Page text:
Personally, I believe any living being, human or not, deserves better treatment than this, what ever they may have done. But even if you don’t, treating people like this brings the captors to same, depraved level. Iraq as a democracy is more bloodthirsty than Iraq under Hussein. Post-war Iraq is more dangerous to most Iraqis than Iraq under Saddam. I’m not saying Saddam Hussein was a good person. I’m not even saying it was wrong to depose Hussein, but the way it was gone about was demonstrably wrong.

I couldn’t even start to suggest how this wrong could be righted, I’m not sure that leaving Iraq now is a viable option, but I’m also not sure we’re not making it worse. All I know is that every action in Iraq now has to be made with an aim to ultimately remove our troops. But I’m also reasonably confident that the puppet government would collapse with it’s American support.

January 11, 2007

Thursday 11th January 2007

Filed under: International News — Phil @ 11:38 pm

It is with this post I show you all I am the least reliable member of The Patch so far, I shall make my day yet!

I have racked my brain today to try and work out what to write about it. then I was perusing BBC News and was reminded of the lifting of the Russia-Belarus Oil blockade. Intrest piqued, I started to write my article, but I ran out of things to say quite quickly, but it’s a good little leader into a far more important issue – fossil fuel usage.

There’s a number of issues regarding fossil fuels. the one which seems to have died off in recent years is quite how finite these resources are. According to the Oil and Gas journal, using the most optimistic reserve estimate, we have 32 years of oil left. So what happens when we run out?

Firstly, consider the economic impact. It’s one of the biggest commodities traded on the international markets today. In 2003, nearly 81 million barrels of oil were used every day. At the current price of $53 a barrel (which is the lowest it’s been in a while), that over USD 4 billion a day. Over a trillion dollars every year.

Then there’s transport. At present, there’s no reliable replacement for crude-oil derived products, such as petrol and diesel. And we’re not just talking about needing to cycle to work – our entire infrastructure is based on oil. There’d be no food, no clean water.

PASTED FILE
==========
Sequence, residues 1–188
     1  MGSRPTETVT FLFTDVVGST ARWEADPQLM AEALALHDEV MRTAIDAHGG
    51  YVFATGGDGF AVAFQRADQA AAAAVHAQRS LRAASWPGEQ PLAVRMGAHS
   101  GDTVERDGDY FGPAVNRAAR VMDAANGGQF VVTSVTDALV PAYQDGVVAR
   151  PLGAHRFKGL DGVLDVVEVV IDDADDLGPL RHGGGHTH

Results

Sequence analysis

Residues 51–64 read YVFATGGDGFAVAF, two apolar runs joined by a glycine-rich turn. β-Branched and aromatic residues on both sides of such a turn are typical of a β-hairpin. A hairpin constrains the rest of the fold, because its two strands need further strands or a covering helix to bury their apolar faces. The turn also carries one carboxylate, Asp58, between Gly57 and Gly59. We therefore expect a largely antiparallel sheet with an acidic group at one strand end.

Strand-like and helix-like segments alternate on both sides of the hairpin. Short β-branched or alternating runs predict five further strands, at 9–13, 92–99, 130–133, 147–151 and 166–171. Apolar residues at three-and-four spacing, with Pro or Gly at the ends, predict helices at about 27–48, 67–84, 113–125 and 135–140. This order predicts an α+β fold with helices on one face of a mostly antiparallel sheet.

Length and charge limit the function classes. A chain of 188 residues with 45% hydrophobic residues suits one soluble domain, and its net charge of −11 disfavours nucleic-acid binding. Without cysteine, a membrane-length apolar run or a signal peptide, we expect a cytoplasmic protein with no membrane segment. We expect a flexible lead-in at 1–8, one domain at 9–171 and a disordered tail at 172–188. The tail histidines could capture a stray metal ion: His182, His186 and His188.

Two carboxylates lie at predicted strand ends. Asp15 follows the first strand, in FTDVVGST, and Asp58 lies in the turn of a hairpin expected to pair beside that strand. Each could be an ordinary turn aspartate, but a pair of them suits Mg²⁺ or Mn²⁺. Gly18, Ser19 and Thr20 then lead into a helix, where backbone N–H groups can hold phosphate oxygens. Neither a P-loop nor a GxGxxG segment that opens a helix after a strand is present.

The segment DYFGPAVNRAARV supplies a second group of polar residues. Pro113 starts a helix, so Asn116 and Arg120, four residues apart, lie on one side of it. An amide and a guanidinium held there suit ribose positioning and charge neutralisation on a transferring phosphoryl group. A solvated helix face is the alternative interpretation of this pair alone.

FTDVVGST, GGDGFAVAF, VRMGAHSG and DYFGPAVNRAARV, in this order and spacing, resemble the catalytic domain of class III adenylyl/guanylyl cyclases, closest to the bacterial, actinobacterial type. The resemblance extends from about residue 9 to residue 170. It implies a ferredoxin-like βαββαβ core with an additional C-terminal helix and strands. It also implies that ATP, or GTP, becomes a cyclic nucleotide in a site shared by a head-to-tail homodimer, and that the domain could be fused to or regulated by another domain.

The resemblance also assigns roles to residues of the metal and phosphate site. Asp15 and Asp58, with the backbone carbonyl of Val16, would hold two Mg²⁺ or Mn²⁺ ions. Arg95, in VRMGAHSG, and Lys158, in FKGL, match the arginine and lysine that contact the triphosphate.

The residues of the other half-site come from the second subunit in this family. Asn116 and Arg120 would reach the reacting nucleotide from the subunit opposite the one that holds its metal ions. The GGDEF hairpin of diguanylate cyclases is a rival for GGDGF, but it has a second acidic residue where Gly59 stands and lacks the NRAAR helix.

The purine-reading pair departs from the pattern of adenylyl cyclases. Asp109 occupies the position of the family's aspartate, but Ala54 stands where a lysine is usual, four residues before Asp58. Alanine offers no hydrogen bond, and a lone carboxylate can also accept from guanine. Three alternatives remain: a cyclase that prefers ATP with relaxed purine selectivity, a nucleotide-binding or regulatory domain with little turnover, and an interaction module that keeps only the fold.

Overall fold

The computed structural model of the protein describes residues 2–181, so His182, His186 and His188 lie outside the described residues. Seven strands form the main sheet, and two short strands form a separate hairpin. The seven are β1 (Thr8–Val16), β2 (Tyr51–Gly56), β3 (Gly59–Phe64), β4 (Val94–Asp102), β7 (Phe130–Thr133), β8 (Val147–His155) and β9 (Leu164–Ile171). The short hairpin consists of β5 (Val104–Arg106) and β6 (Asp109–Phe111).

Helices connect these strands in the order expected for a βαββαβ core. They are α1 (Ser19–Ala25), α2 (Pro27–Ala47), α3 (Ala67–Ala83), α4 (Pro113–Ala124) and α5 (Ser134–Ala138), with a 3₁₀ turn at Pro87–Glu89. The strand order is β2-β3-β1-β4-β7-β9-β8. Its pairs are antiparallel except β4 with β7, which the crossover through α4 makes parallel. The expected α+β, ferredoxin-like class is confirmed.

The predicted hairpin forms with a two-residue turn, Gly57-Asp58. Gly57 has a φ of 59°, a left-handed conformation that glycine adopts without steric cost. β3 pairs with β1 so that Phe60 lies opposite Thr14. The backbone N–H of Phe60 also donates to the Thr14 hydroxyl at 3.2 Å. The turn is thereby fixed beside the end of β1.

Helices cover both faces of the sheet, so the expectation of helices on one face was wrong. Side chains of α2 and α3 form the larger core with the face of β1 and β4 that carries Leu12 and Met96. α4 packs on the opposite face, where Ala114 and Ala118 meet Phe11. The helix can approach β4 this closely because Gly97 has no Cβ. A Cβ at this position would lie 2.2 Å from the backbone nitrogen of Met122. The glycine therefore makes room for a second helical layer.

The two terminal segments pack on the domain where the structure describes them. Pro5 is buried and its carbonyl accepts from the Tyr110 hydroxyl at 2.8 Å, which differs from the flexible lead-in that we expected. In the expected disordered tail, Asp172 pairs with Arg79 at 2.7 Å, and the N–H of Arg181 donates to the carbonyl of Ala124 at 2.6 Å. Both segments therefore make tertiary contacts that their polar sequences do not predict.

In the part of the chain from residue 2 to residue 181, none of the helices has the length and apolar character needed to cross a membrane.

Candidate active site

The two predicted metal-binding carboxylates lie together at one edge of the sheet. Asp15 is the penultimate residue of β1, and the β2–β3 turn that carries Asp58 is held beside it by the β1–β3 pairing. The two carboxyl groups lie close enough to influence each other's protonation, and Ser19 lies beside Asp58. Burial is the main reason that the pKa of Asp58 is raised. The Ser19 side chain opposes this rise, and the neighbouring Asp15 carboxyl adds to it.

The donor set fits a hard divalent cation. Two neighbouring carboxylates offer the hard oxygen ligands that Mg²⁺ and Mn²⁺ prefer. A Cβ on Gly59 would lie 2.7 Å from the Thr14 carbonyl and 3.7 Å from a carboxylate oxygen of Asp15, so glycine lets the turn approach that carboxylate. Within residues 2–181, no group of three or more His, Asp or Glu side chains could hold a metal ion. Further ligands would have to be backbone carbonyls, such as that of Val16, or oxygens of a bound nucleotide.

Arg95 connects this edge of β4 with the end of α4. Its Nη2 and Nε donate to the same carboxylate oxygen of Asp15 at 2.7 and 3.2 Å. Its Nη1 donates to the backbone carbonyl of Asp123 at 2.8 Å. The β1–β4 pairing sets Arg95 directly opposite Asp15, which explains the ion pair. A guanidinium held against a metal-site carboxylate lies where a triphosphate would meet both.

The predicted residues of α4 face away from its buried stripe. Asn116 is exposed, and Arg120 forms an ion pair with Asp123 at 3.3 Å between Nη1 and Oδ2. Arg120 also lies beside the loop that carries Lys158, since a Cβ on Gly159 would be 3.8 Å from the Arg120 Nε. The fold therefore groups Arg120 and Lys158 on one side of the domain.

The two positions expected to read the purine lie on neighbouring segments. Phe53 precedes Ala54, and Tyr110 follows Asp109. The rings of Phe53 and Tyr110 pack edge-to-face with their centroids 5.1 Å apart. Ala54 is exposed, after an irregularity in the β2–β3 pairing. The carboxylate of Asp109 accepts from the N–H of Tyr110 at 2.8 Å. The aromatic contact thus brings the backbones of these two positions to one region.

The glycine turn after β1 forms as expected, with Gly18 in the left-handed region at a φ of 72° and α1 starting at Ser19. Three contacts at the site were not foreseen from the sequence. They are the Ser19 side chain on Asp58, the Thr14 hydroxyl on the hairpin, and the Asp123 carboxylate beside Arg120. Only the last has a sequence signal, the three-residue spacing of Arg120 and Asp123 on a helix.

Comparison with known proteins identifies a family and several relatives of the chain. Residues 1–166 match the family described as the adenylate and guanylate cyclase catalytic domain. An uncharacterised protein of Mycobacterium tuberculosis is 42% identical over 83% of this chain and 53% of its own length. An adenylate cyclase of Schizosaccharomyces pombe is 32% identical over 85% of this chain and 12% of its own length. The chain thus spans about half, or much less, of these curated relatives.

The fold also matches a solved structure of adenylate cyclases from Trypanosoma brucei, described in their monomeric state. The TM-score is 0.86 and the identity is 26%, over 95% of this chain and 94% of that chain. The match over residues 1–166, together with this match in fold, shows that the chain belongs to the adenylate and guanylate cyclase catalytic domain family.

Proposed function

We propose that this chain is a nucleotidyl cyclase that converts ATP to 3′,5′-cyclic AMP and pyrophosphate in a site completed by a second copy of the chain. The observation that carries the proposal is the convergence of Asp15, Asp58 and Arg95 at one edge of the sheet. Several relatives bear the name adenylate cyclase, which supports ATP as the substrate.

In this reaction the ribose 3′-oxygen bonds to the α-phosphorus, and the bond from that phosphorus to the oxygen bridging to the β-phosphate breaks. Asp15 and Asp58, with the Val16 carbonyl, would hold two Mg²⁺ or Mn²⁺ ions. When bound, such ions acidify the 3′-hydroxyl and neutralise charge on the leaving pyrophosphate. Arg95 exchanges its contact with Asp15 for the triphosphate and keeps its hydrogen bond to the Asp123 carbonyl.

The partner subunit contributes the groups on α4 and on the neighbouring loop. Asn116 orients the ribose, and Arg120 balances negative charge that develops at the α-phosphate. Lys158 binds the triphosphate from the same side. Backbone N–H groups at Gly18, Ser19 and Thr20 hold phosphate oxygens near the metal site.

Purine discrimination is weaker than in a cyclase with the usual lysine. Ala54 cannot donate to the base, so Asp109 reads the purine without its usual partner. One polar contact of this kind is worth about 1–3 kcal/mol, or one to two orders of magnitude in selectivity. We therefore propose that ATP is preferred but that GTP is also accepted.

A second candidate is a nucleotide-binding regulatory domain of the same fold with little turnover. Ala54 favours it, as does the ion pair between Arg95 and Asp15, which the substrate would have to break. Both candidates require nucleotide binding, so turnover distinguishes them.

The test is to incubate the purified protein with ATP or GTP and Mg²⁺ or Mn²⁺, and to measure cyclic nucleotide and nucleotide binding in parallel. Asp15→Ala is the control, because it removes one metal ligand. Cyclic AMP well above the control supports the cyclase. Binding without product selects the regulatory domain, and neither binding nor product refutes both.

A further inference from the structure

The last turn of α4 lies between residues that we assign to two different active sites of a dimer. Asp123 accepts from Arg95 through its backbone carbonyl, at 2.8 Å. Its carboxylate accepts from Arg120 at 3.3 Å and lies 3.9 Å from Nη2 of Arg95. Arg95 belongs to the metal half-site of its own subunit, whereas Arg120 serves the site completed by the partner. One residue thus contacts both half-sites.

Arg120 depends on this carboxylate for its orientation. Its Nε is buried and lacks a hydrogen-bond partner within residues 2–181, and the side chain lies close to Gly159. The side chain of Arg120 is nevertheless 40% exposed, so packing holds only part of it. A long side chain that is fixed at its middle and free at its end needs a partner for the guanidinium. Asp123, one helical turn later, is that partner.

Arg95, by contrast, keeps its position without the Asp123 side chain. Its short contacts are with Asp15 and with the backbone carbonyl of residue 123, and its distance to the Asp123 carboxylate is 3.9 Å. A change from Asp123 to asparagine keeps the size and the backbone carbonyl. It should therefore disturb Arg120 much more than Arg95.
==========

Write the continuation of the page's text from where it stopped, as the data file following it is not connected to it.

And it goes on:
Then there’s power – we still rely on fossil fuels for power as well. Oil is a tiny contributor, but gas and coal make up 73% of the UK’s energy production, and whilst we won’t run out as fast, we’re still going to run out. Our options for replacing it are, at present, limited. The only current technology which could feasibly start to replace fossil fuels is nuclear, which has huge problems of it’s own – but that’s a whole new article.

Finally, and we’re still going off the top of my head, we have plastics. Look around you, count the things which contain plastics. I can see 15 separate and different things made of plastic without moving my head. That’s not including the plastics in clothes, the plastic which coats the cover of the book, the plastic in the sweets wrappers – none of which I thought when I was counting.

What I’m trying to say, is that our use of fossil fuels, crude oil in particular, is HUGE. And none of the above really contributes to my main point except as background reading.

And then there’s carbon emissions. If terrorism is the bogie monster, then climate change is the psychopath that’s actually hiding in your closet. I’m not going to patronise you and explain the issues, I’m sure you’re all aware. It’s naive to think there’s any genuine debate on this subject. Between 1998 and 2005, Exxon-Mobil alone spent USD 16 million on funding anti-global warming groups. Much like with smoking, the industry is the sole propagator of these arguments, and eventually the truth will come out. Unfortunately, the vital difference is that we can’t afford to wait this time. It will be too late.

Things need to change – we need to accept fossil fuels are running out, and we need to accept they’re ruining our world. What’s more, we need to accept it quickly. America needs to accept it has more control than any one else over this issue, they’re the single biggest user of oil in the world, one of the biggest polluters, and yet they refuse to do anything about it. Nobody can make them, they are the world’s policeman. The ordinary American needs to realise these issues aren’t that long term. This is about the world their children will live and die in. Whilst the people they elect are directly funded by fossil fuel industries, things wont change. Whilst they’re willing to allow the recent CEO of Halliburton and the former CEO of countless oil companies to be the men who have to make decisions on these matters, I’m terrified.